The defeat near Moscow cost the Wehrmacht some 300,000 casualties. In addition, Hitler sacked quite a number of commanders involved such as Heinz Guderian, Wilhelm von Leeb and the commander of Heeresgruppe Mitte, Fedor von Bock. December 19, Von Kluge was appointed the new commander of Heeresgruppe Mitte.
In the spring of 1942, Von Kluge was forced to withdraw Heeresgruppe Mitte to the line Vyazma – Rzjev after having suffered heavy losses in fierce Soviet counter attacks. In the summer though, Von Kluge managed to stabilize the front there and in the following winter, Heeresgruppe Mitte was subjected again to massive enemy counter strikes. One of his commanders was General Walter Model who managed to prevent a second disaster like the one at Stalingrad in a brilliant way (the failed Russian campaign Operation Mars). For his achievements, Von Kluge was awarded the Eichenlaub (Oak Leaves) to his Ritterkreuz.
On October 12, 1943 Von Kluge had a narrow escape from death when he was involved in a road accident near Minsk. He was hospitalized in Germany for several months, having incurred severe injuries. Nonetheless, he was awarded the Schwerte (Swords) to his Ritterkreuz for his achievements on the Eastern front. Feldmarschall Ernst Busch succeeded him as commander of Heeresgruppe Mitte.
As early as 1943, Von Kluge had been sounded out by members of the military resistance about his possible support in a coup. Von Kluge did not go into this any further but he kept the existence of a military resistance movement to himself. Other prominent military men like Erwin Rommel could not persuade Von Kluge to take part in any form of resistance either. On July 2, 1944 Von Kluge was named Oberbefehlshaber West (commander-in-chief). The Allies meanwhile had established a strong bridgehead in Normandy and after a few exhausting battles they had managed to encircle large parts of the German army in Normandy in the Falaise pocket. The Allies enjoyed dominance in the skies over the battlefields and Von Kluge fell victim to it too. His staff car was attacked by British fighter bombers, inflicting severe damage. Von Kluge remained unscathed but his driver and another occupant were killed.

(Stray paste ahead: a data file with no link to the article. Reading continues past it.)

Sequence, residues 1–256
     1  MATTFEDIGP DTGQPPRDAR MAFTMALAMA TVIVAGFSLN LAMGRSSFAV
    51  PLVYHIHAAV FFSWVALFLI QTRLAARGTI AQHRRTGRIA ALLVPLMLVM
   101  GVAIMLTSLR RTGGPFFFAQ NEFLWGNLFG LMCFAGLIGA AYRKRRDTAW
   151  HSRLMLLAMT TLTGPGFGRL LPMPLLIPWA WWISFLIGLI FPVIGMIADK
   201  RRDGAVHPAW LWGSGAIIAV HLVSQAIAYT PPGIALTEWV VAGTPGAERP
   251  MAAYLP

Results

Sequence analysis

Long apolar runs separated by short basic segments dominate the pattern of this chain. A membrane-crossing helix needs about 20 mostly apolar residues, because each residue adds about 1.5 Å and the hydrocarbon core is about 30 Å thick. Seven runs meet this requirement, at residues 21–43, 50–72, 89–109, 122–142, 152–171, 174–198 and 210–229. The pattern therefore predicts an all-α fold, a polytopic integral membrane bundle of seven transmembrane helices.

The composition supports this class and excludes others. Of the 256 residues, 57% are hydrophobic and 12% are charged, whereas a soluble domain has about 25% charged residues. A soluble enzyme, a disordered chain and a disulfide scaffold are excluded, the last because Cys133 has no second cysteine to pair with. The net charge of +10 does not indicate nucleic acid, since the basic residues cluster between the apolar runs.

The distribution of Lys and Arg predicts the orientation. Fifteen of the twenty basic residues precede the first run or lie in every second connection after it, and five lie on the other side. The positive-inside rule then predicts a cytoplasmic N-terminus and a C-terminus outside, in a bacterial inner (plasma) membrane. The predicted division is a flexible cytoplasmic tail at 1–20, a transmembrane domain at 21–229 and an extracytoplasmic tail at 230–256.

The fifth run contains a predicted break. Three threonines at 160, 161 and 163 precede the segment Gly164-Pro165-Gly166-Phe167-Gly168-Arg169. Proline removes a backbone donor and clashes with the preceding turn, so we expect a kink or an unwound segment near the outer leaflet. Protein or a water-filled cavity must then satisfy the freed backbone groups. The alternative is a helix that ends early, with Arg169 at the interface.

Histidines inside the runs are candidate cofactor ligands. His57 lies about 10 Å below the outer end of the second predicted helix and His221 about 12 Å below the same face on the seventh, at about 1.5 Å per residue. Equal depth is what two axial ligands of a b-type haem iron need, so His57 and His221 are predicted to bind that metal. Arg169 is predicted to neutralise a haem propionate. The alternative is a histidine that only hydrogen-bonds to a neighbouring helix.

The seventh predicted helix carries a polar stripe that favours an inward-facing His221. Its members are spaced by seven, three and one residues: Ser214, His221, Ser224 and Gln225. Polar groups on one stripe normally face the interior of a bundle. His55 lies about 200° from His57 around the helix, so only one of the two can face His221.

Von Kluge had not been informed in advance of the assassination attempt Oberst Claus Schenk Graf von Stauffenberg made on the Führer on July 20, 1944 (Assault 20-07-1944). Although Von Kluge had had nothing to do with the intended coup, he was relieved of all his functions on August 16 because a few days earlier, he had ignored an order by Hitler by ordering 7. Armee to attempt and break out of the Falaise pocket. Hitler appointed Walter Model the new ObWest and summoned Von Kluge to come to Germany to account for ignoring his orders. Von Kluge, knowing what fate awaited him, committed suicide near Metz in France on his way to Germany on August 19, 1944 by swallowing cyanide.